CPB-2 is a lead flotation concentrate from the former Sullivan Mine concentrator at Kimberley, British Columbia, Canada. CPB-2 was obtained from the same mine as its predecessor, CPB-1, which is no longer available.
The mineral species include galena (64.7%), anglesite (12.1%), sphalerite (10.1%), pyrrhotite (6.8%), pyrite (4.9%), various silicates (0.6%), quartz (0.3%), biotite (0.2%), chalcopyrite (0.1%) and apatite (0.1%).
CPB-2 is suitable for the analysis of lead and various other elements at major, minor and trace levels in lead concentrates. Examples of intended use include quality control, method development and the calibration of equipment.
INSTRUCTIONS FOR USE
CPB-2 should be used "as is", without drying. The contents of the bottle should be thoroughly mixed before taking samples. The contents of the bottle should be exposed to air for the shortest time possible. Unused material should be stored under an inert gas in a desiccator, or in a new, heat-sealed laminated foil pouch. Changes in the moisture content, caused by the adsorption or loss of moisture, can significantly affect the concentration of lead. The values herein pertain to the material when produced. CANMET-MMSL is not responsible for changes occurring after shipment.
Normal safety precautions for handling fine particulate matter are suggested, such as the use of safety glasses, breathing protection, gloves and a laboratory coat.
METHOD OF PREPARATION
The raw material was dried in an oven at 32°C for 16 hours, crushed, ground, and sieved to remove the plus 74 µm fraction. The product was blended, and then bottled in 200-gram units. The yield was 93%. Each bottle was purged and sealed under nitrogen in a laminated aluminum foil-mylar pouch to prevent oxidation.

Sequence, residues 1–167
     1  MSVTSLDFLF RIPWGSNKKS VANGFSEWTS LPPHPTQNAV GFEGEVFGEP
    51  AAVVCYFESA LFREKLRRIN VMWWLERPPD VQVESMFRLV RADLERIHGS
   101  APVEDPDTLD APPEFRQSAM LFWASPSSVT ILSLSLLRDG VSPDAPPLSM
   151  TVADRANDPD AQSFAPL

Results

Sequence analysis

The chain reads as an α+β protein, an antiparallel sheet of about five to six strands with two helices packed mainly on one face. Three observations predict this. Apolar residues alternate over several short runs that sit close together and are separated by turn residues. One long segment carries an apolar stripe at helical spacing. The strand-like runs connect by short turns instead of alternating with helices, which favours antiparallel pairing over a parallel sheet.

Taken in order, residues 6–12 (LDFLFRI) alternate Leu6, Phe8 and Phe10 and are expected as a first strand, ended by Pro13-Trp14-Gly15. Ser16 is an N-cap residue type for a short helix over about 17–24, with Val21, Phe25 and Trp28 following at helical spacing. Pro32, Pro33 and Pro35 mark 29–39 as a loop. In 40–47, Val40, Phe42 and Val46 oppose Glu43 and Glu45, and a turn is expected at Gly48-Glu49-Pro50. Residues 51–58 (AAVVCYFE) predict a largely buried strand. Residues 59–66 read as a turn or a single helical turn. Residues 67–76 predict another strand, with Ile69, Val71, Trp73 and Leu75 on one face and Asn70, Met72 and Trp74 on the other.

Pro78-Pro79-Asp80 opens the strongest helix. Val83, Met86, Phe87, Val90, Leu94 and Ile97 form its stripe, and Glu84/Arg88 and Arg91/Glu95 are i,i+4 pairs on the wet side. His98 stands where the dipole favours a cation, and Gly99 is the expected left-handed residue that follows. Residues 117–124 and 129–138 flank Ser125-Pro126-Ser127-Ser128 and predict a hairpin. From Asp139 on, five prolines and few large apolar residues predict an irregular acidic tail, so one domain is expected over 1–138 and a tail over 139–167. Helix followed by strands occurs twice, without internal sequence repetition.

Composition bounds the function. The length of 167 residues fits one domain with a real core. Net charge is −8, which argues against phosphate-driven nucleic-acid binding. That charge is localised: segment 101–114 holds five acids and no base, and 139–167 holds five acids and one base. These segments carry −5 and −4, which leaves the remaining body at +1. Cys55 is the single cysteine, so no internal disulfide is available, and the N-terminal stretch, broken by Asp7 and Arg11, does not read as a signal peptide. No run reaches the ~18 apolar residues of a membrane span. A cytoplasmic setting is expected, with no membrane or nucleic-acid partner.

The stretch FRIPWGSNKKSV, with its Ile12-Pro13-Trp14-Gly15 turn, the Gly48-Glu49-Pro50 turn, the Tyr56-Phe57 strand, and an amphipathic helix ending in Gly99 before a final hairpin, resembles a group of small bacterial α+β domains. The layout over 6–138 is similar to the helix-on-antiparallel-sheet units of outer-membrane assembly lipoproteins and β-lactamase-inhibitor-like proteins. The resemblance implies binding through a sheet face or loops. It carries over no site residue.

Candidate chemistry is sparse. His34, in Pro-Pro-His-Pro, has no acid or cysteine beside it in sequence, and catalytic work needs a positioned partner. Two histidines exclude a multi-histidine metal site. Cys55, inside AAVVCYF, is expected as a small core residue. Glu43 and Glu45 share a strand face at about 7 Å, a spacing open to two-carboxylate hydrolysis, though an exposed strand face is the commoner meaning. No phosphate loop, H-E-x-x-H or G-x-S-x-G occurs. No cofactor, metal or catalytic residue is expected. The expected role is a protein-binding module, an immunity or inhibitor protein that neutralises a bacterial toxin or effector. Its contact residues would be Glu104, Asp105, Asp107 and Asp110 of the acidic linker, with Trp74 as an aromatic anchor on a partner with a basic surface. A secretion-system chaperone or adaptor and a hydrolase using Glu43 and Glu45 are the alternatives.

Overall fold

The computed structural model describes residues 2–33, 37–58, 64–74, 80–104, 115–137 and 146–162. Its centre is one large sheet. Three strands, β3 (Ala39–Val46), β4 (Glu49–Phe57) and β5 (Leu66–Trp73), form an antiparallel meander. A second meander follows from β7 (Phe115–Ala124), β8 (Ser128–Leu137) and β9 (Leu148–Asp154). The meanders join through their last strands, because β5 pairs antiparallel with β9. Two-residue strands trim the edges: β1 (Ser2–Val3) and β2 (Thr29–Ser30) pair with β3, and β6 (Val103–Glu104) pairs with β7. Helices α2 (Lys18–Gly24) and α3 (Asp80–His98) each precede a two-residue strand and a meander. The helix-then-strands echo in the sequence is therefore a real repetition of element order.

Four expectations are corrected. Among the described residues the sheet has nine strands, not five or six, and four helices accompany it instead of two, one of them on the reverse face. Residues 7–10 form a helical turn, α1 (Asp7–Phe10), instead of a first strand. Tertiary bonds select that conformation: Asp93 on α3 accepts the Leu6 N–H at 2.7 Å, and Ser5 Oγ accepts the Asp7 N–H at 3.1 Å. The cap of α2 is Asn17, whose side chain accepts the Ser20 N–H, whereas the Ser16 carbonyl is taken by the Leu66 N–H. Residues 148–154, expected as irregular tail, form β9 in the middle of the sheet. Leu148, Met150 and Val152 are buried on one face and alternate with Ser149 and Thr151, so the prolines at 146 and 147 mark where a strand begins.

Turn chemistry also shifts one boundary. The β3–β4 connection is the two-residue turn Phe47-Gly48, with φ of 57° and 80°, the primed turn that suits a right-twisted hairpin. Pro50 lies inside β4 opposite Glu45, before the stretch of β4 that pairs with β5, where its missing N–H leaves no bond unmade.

The homogeneity of the stock for lead was investigated using twenty-two bottles chosen according to a stratified random sampling scheme. Two splits were analysed from each bottle. The samples were analyzed according to ISO 13545:2000 by a private laboratory that is accredited by the Standards Council of Canada under CAN-P-1579 and CAN-P-4E(ISO/IEC 17025:2005). Samples of approximately 0.3 grams were digested with nitric and sulphuric acids and bromine. Lead was separated from the interfering elements by precipitation as lead sulphate. The precipitate was dissolved in ammonium acetate. Lead was titrated with ethylenediaminetetraacetate using xylenol orange as the indicator.
The homogeneity of the stock for antimony, copper, thallium and zinc was investigated using 16 bottles chosen according to a stratified random sampling scheme. Three splits were analyzed from each bottle. Antimony and thallium were determined in the same 0.1-gram sample using microwave digestion followed by inductively coupled plasma - mass spectrometry. The copper and zinc were determined in the same 0.25-gram sample using a four acid digestion followed by inductively coupled plasma - optical emission spectroscopy. This phase of the work was performed by CANMET-MMSL.